Thoracic Diaphragm:

The thoracic diaphragm separates the thorax and abdominal cavity. This dome-shaped muscle has two important roles. The first is to initiate pressurization changes that act on the lungs. The lungs are like sponges, and structural pressurization squeezes and soaks like a bellows bringing air to a fire. The second function is stability. The thoracic diaphragm works synergistically with all the compartments of the thoracolumbar fascia. The thoracic diaphragm cannot be tested directly, the movement that this muscle is responsible for can only be evaluated through hybrid assessment.  We spend considerable time refining hybrid assessment during DNA™ Seminars.

Pelvic Diaphragm:

The pelvic diaphragm is the hammock for the visceral cavity. The pelvic diaphragm responds to pressurization changes initiated by the thoracic diaphragm. Similar to the thoracic diaphragm, the group of muscles that make up the pelvic diaphragm cannot be tested directly, the movement that these muscles are responsible for also can only be evaluated through hybrid assessment.

All four of the subsystem structures must have the capacity to function together as a team in a functional breathing apparatus. Evaluating the ability to work together as a team is a protocol called Long Series Kinetic Chain, LSKC – this assessment protocol is integral in DNA™ (read more in DNA Demystified and DNA – FAQs).

DNA™ is not a system where we try to see if a tool fits a presentation. That would be akin to seeing if the square peg fits the round hole. We use a more sophisticated approach that uses laser focus – through hybrid movement assessment – to ascertain what the nervous system needs so that the structure can integrate breath, structure, and movement.

The assessment skills I learned in DNA have proven invaluable with clients, especially athletes. I now have the ability to go beyond muscle testing and assess their feed-forward movement patterns. Learning how to uncover and treat breathing problems and hypertonic muscles has been a game-changer. Clients are getting faster, more lasting results because we’re finally uncovering the heart of their issue, which often means addressing ligament and joint issues. I use Joseph’s work every day and I’m so grateful to have taken his class. ~ Beth T., Breakaway Bodyworks, LMT

 

You’re invited to join us! Fin out about the next paradigm shift here.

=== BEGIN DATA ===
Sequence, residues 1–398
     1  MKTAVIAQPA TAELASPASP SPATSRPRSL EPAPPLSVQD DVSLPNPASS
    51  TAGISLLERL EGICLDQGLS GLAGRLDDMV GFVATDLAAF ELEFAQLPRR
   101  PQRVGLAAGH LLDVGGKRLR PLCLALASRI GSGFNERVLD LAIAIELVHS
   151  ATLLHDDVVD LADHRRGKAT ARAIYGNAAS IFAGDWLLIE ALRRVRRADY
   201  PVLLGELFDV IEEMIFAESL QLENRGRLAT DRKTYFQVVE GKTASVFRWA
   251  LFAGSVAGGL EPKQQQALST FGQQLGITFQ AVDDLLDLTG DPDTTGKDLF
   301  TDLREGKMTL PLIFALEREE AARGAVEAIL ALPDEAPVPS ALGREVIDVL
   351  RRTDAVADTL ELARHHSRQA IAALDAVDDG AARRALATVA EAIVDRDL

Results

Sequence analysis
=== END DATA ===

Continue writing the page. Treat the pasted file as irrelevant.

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Putting the “Dynamic” into Dynamic Neuromuscular Assessment – DNA

While manual muscle testing can be a powerful tool, movement is infinitely variable.  Because manual muscle testing attempts to put movement into a confined box with fixed positions, it has limitations. I have a problem with classical conventions that say “this movement is xyz muscle.”  Muscles do not work in isolation. Muscles work synergistically with bones, joints, ligaments, tendons, muscles, fascia, and skin. We can isolate movement; we cannot isolate structure.

 

The idea that if you put the body in a specific position you are testing xyz muscle is limiting. Some 15+ years ago I was seeing a Physical Therapist for a shoulder injury. My colleague brought out a two volume encyclopedia of manual muscle tests. Each muscle had three divisions. Each division had three positions: open, closed, and middle. That equates to nine possibilities to assess a particular muscle in the structure.

 

In the assessment process of DNA™, we take the process a step further. Instead of merely taking a “snap shot” of movement, we assess the complete “movie” of movement.

 

Movement has three components of players. One side of the tissues are in concentric action. This is the work production phase. The other side are the tissues that are lengthening. This is the eccentric phase of movement. This is often referred as the deceleration phase of movement. The third aspect of movement are the stabilizers that provide support for the movement. This is analogous to isometric movement though it is dynamic in application.

 

These three aspects of movement form a dynamic triangle that can respond to a changing environment. For example, the core subsystem in the Lateral Kinetic Chain creates a dynamic triangle that supports the pelvis/lumbar. The lateral hip stabilizers, adductors, and the opposite quadratus lumborum work together synergistically to maintain an upright axis of the spine when load bearing in the stance phase of gait.

 

Would you like to learn this paradigm shift in movement assessment? Please join us at a DNA™ seminar.

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Integrating Somatics on Retreat

If you’ve never gone on a silent solo meditation retreat, you might wonder why anyone would do this.  There are many good reasons, but for the purpose of this blog, self-exploration is the focus.  For me, this means exploring the somatics of the body in relationship to contemplation and my mind.